It doesn't matter where you are in India, you will notice various common themes; ones that are usually amusing, awe-inspiring or downright insane. For example, the men who sleep anywhere, anytime at the drop of a hat. Or the people hanging off the roofs of buses, out of the sides of trains and rickshaws. Or the handcart men, pulling enormous loads through the manic traffic of India's big cities. It doesn't take long to realise that such common themes emanate from the everyday hardship and difficulties that so many endure.
Another quirk that is hard to miss - is the balancing of heavy, sometimes awkward objects on the head whilst walking along in a nonchalant fashion. I am always impressed by this method of goods transportation and have realised - by going through my photo archive - that I am also slightly obsessed by it.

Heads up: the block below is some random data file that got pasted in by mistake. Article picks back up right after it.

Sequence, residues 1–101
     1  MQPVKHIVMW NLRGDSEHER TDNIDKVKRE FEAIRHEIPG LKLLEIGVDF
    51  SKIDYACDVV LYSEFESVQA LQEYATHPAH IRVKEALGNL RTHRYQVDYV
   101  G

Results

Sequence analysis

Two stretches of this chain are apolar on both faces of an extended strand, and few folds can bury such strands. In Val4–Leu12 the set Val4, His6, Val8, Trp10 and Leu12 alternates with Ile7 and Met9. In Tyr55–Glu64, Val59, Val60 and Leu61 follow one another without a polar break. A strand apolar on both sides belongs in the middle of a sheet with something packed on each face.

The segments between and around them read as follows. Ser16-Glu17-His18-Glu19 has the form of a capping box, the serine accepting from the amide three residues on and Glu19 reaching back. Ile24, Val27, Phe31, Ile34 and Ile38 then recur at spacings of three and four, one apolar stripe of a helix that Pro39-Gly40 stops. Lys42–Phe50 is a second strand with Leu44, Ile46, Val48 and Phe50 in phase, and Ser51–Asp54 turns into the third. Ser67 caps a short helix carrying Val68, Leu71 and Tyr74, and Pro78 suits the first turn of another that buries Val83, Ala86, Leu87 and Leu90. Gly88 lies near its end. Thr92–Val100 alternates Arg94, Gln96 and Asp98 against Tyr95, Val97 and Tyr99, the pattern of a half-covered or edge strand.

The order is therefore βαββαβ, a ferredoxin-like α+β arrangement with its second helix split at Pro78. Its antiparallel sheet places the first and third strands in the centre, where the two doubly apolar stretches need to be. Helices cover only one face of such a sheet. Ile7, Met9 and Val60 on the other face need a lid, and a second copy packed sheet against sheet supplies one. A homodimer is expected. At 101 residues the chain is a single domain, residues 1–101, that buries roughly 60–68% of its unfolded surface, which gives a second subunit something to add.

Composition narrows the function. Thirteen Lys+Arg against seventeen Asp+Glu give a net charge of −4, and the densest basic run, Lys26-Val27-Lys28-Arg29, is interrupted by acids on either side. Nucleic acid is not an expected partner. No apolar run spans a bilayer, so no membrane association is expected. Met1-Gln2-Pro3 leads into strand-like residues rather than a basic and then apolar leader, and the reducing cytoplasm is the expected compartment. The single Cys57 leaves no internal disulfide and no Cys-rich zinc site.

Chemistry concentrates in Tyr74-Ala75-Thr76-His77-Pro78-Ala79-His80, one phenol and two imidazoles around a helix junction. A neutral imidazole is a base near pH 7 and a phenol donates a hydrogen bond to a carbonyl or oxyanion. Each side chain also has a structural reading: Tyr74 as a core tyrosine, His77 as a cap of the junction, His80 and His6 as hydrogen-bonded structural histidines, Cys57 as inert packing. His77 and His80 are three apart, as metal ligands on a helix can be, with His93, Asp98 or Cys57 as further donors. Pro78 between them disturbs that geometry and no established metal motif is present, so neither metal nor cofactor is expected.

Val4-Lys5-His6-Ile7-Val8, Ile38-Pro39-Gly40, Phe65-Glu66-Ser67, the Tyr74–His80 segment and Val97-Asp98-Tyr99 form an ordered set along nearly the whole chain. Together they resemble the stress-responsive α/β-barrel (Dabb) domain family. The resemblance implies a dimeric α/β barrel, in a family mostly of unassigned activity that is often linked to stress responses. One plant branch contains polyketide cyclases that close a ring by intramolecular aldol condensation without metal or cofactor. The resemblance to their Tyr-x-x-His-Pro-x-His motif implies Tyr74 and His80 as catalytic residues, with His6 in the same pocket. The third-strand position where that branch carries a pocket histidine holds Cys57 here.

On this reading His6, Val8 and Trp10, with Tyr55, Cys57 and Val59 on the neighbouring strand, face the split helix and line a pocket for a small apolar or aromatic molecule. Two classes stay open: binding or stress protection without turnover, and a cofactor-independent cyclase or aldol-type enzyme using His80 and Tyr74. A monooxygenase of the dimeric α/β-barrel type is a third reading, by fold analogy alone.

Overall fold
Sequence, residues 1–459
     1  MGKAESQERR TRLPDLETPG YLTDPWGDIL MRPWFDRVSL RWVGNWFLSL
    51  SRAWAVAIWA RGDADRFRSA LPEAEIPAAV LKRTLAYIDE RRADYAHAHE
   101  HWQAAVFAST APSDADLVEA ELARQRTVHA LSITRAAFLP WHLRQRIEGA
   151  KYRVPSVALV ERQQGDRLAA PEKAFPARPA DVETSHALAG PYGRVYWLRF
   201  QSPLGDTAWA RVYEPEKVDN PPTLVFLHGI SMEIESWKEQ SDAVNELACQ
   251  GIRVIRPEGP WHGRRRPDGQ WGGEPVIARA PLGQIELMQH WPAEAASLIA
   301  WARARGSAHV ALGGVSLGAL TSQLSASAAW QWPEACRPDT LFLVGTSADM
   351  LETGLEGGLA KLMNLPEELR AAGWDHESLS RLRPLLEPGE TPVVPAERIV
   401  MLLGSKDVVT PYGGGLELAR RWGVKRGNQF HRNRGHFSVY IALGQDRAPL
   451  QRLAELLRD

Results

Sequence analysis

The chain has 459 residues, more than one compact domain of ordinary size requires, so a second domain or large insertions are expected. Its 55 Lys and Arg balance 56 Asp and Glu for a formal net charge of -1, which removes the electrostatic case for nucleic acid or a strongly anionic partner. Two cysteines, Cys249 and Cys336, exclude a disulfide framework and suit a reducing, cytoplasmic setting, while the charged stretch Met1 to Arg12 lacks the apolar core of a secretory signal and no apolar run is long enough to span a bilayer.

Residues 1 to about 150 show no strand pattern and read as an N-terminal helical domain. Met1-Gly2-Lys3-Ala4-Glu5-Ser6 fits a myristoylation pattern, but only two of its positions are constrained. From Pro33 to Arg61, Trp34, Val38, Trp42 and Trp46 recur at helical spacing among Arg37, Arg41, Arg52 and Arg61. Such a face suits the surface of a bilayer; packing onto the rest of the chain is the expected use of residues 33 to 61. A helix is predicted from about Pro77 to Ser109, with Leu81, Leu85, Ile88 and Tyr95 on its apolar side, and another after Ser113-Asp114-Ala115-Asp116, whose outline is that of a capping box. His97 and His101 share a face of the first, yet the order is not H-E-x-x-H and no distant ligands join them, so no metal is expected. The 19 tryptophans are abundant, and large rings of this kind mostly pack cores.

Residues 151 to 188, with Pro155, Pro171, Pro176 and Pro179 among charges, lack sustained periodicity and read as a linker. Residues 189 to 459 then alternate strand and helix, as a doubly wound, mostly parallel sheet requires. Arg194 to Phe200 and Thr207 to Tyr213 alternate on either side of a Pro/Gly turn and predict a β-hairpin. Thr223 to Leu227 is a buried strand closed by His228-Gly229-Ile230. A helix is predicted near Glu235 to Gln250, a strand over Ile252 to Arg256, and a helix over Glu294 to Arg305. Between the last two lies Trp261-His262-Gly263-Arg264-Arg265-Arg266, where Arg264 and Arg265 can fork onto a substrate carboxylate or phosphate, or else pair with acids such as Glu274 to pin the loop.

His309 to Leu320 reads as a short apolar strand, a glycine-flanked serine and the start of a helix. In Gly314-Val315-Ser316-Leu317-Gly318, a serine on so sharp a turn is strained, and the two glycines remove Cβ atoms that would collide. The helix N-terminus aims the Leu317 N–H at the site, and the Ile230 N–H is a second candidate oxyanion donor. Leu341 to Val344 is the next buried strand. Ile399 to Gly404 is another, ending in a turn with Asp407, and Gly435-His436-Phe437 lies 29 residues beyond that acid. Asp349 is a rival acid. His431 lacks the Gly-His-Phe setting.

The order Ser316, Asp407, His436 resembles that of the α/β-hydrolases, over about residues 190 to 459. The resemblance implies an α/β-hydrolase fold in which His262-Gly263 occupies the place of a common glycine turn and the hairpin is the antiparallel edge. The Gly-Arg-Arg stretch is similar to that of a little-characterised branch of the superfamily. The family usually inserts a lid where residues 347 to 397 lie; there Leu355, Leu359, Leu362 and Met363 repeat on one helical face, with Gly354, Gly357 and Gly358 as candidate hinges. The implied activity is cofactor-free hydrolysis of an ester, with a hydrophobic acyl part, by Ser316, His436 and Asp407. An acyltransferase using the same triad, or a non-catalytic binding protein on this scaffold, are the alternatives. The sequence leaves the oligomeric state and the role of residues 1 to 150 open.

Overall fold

|A selection of examples from my travels - you expect to see head-carrying in such rural areas as these.
The ancient art of carrying-on-the-head is common practice anywhere in the developing world - so much so, that it has its own entry in Wikipedia. It is after all, a free-of-charge and usually more efficient way of transporting smaller (or ridiculously large) loads.
I have noticed that it is quite often the woman who will use this method to carry things; men do too - but the women are so much better at it (ie they don't need to use their hands to steady the load). According to the Wikipedia entry, there is nothing harmful about carrying vast loads on your head - up to 20% of one's bodyweight can be carried without additional energy or exertion being required. I am sure the same can not be applied to anyone who is obese - but then again, you never see obese people walking around with baskets on their heads. In fact, I am sure we could all lose weight if we started balancing our groceries and books on our heads whilst taking a morning stroll.